Sometimes we have gray filters and gray gradient filters with us – when we know that a particularly intense or shapely sunrise or sunset is to be expected.
Most of the time, however, we also leave them in the valley. A good camera nowadays has such a high dynamic range that this is usually no longer necessary. And if it does, there are certainly enough image compositions that can be used without gray filters or gradient filters. We usually use a gray filter and gray gradient filter only for landscape photography, when we don’t have to carry the equipment on our back for hours or days.
Further equipment for mountain photography
The other non photography gear is much more important when it comes to mountain photography. Well-fitting shoes with a decent profile are probably the most important, in addition to weatherproof and adapted clothing.
To take exactly what you need with you and not too much is a high art gained through experience. We almost always bring a thin rain jacket with us for emergencies as well as a comfortable fleece sweater, thick warm jacket and second pair of trousers.
Enjoying the mountain is one thing, but sensible safety equipment and a minimal safety net should always be planned in advance.
A (charged) emergency cell phone is always with you, as well as a small first aid kit and of course a map (usually digital on your smartphone) or a very good knowledge of the area. In addition, someone else should always know (principle of the external tour partner) which tour you are about to go on, on which mountain, over which route and how the rough time planning is. This way you have at least a small chance to put a spoke in the wheel of the Grim Reaper in an extreme emergency.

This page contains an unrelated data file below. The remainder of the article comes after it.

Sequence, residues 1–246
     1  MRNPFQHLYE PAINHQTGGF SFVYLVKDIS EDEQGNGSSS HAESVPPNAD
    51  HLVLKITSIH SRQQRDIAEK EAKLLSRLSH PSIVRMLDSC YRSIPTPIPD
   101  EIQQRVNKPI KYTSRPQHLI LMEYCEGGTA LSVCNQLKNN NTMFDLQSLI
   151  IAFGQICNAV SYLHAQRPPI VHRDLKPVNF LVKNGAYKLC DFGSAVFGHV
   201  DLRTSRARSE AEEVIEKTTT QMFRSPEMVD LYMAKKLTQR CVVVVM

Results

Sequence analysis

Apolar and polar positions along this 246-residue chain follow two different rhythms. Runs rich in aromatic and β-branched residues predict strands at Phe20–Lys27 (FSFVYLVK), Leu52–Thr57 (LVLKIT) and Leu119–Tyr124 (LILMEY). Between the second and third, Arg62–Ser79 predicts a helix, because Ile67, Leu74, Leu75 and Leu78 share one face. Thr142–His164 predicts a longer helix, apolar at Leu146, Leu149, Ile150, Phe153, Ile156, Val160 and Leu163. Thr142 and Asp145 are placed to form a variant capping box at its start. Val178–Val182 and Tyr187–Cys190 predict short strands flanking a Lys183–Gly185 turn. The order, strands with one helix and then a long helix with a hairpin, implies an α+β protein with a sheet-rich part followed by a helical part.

For classic hut tours, you normally also tell the host of the hut or sign the hut book. Despite all modern digital technology, these are still the best risk management strategies for mountain emergencies.
Further insights into mountain and landscape photography can be learned on one of our photo workshops. Feel free to send us any questions you may have through our contacts page on our website.
Need tips for better mountain pictures? Here we have a comprehensive mountain photography tutorial, which should give you a lot of ideas and help. If not, just contact us!
Hi, i am Marius, i love exploring the mountains and nature. Friends say, i know the mountains better than most locals, but actually i get lost all the time while photographing ;). Read more about the Mountain Moments Team.